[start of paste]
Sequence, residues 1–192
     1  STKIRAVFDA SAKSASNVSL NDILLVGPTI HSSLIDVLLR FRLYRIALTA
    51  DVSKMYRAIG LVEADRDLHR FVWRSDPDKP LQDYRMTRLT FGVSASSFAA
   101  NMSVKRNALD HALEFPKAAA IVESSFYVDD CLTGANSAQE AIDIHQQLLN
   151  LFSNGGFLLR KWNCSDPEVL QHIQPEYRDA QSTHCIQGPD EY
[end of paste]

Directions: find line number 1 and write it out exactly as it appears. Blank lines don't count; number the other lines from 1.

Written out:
Sequence, residues 1–192